And consider new payment options like self-checkout: although 70% of consumers have enjoyed using self-checkout in the past six months, only 14% of stores currently have it and only 19% have any plans of pursuing it. It’s something to keep in mind when you think about implementing a one-click option.
Much of this technology could soon be among the features that consumers expect. Yet at this point these features remain competitive differentiators—so the faster you offer one-click, the more you’ll stand out from the crowd.
The holy grail of online shopping
In the online space, where it’s common to see cart abandonment rates of 70% (https://baymard.com/lists/cart-abandonment-rate), a more streamlined checkout is always the goal. The holy grail for e-commerce is safe, simple, and speedy one-click checkout—which leads to a noticeable boost in merchants’ bottom line.
To prepare for one-click payments, you need to be sure you have an e-commerce offering that can handle it. There are two fundamental parts to one-click that you should already have in place: the ability to retain customer payment and shipping preferences securely and to ensure that payment preferences are up-to-date.
Firstly, enabling card-on-file payment and storing shipping data are crucial to a high conversion rate and an area where security is absolutely essential. In today’s era of fraud and fear, of course, security should be a staple of any e-commerce operation’s entire strategy. E-commerce sites for both big and small merchants have been breached, resulting in customer data leaks, which can ruin a brand’s reputation. Smaller merchants especially are built on loyalty from valued customers. So damaging trust can be irreparable, and can wreak havoc on a business with smaller margins. Companies must be able to trust their payment partners, just as you want your merchants to trust you.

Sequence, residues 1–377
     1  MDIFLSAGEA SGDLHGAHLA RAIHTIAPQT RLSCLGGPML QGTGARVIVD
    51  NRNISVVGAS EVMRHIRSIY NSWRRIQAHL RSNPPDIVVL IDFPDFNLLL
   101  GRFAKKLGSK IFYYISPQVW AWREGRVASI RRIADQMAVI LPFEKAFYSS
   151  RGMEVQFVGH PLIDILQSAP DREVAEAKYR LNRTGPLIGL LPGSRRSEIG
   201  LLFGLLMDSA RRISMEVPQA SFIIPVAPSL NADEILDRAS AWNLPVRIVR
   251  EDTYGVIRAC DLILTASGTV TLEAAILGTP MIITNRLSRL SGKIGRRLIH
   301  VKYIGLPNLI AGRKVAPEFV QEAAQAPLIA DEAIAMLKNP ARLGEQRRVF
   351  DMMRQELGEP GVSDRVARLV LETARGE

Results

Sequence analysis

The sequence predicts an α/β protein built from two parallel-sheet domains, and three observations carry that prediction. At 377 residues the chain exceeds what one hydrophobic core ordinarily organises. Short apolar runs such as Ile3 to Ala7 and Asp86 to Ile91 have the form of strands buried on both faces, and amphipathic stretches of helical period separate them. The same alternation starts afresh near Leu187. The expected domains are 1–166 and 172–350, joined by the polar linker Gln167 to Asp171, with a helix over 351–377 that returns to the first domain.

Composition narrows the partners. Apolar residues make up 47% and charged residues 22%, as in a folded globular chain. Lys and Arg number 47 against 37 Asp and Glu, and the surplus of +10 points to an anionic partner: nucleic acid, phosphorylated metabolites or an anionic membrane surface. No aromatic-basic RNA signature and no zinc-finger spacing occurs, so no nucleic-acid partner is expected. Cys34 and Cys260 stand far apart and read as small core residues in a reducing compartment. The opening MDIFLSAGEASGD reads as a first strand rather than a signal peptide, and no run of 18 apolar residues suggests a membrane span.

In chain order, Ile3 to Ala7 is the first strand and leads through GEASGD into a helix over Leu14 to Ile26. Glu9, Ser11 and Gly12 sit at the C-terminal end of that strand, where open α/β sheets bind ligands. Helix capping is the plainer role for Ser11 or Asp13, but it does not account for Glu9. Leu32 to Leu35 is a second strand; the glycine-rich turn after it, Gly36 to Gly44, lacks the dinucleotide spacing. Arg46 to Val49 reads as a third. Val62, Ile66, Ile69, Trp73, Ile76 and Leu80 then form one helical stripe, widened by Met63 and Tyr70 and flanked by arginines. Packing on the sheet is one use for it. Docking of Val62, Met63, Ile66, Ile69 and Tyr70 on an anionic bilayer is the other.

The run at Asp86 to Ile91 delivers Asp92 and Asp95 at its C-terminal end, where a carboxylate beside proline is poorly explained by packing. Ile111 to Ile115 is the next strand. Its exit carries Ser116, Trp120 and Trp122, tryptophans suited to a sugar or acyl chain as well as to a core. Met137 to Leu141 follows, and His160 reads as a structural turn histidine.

Secondly, you must be prepared to handle changes in credit card numbers and expiration dates. As these obstacles to card-on-file purchases require input of new payment credentials, they interrupt the customer’s checkout flow—and often are enough of a hurdle to discourage the customer from continuing. It’s been proven again and again: the more steps a customer must take before checkout, the higher the cart abandonment rate. An excellent solution to this issue is card account updating—which retrieves new credit cards numbers and expiration dates when old cards are replaced, and makes one-click payments far more effective.
One-click payments are going to be in high demand soon. Be sure you take advantage of this incredible technology, and work with a payment technology company that can handle the ever-changing environment of online commerce—or risk being left behind.
Brad Giles is vice president of Channel Marketing at Cayan. In this role, Brad oversees all of Cayan’s partner, VAR, agent and vertical-specific marketing efforts, as well as all corporate events.